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An Introduction to Poetry Lives Here: Why Living Poets?

January 2021

It has been an honor to serve as the inaugural Fairfax Poet Laureate for our county at a time when Americans have been turning to the arts: books, television shows, music and virtual tours at the world’s best museums have been a balm as we reckon with the numbers of our friends, family members, colleagues, neighbors, and fellow Americans who have been impacted by COVID-19. Before these arts can offer healing, they must be made; before that, imagined.

What I love the most about poetry is possibility. Using tools of language I know, I can explore what I don’t already understand. No matter how many times I read a poem, I am always its student, uncovering something I didn’t see the read before.

This is not a trait specific to poetry by living poets, but living poets among us have the fortitude to respond to the world we’re all sharing. More importantly, they reflect their readership. When I was in grade school, we read two poets, and both had died centuries before. Both were men. It was hard to find my own experiences reflected in those poems; this is no longer the case. According to the 2017 National Endowment for the Arts study, poetry is finding its way to more readers than ever.

Some point to technology like e-books and websites such the Poetry Foundation or the Academy of American Poets doing the important work making poems accessible to readers as they are being written, but I would also point to the Fairfax County gem Poetry Daily, small publishers right in our backyard like Stillhouse Press and Washington Writers Publishing House, and editorial teams whose labor offers us thoughtful curations of creative work in literary journals. Just this year, George Mason University’s College of Humanities and Social Sciences announced the innovative model for creative thought and production, Watershed Lit: Center for Literary Engagement and Publishing Practice, which will combine Northern Virginia Writing Project, Fall for the Book, Poetry Daily, and The Alan Cheuse Center, and Stillhouse Press in order to “[serve] as the hub for program-related initiatives outside of the classroom and across the region: an incubator for research on topics ranging from the history of the book to translation arts to burgeoning publishing technologies, and a laboratory for experiential learning for generations of Mason students to come.”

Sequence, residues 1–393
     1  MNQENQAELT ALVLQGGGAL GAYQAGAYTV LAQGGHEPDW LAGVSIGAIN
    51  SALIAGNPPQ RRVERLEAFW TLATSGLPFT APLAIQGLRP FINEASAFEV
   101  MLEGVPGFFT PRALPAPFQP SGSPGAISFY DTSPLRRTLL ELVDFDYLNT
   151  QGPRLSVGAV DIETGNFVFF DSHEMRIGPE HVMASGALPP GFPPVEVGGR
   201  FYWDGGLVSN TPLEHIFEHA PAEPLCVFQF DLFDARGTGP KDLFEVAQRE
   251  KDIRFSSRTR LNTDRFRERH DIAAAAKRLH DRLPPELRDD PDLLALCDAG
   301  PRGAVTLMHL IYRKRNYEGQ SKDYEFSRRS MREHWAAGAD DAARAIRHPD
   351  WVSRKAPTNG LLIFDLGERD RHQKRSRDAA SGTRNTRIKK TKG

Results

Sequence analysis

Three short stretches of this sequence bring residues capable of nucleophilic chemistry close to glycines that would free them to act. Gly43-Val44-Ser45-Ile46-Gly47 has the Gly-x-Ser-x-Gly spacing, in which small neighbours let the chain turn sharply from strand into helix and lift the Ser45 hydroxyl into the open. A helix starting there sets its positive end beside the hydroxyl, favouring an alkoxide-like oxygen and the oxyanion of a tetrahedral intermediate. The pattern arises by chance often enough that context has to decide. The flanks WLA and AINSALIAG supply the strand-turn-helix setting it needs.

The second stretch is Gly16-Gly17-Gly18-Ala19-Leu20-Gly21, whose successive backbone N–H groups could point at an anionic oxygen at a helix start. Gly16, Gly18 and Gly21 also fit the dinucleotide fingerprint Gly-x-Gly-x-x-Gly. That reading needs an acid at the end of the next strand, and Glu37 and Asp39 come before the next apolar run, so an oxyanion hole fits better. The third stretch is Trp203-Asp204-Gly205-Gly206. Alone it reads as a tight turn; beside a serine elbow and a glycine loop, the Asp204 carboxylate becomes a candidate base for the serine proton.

This boost in readership does not belong to academe alone; it belongs to residents like ours who support literary programming like this tenure project supported by ArtsFairfax and the events offered each fall by the beloved Fall For the Book festival whose virtual reach in 2020 was nearly 10,000 attendees despite the pandemic. It belongs to high school teachers who join forces on Twitter under hashtags like #TeachLivingPoets or  #TheBookChat to expand the range of voices their students experience and respond to.

Earlier this year, I was lucky enough to facilitate a conversation at the Association of Writers and Writing Programs (AWP) conference with champions of a living poets pedagogy including #TheBookChat co-founder and Maryland English teacher Scott Bayer; #TeachLivingPoets founder and North Carolina English teacher Melissa Smith; presidential inaugural poet for Barack Obama and Education Ambassador for the Academy of American Poets, Richard Blanco; and poet, educator and performer José Olivarez. It was clear to those who attended the panel and each of us at the front of the room that living poets unlock doors for student-readers in very real ways. This tenure project was born of that hope—that one of our fellow residents will find something they did know they needed in a poem.

We have an exciting docket of interviews with living poets and poetry champions in store for 2021 as well as a special virtual National Poetry Month project in the works. We’ll hear from poets included in the Washington Writers Publishing House anthology This is What America Looks Like, and we’ll highlight the rising stars of poetry in our region: Scholastic Art and Writing award winners in our region.

This year, if you are interested in enlisting the services of your Fairfax Poet Laureate to read a poem to your team and meeting, I hope you’ll reach out to the wonderful folks at ArtsFairfax.

In the meantime, I thank you for joining me in this adventure and invite you to follow this blog as well as on Twitter @PoetryLivesHere

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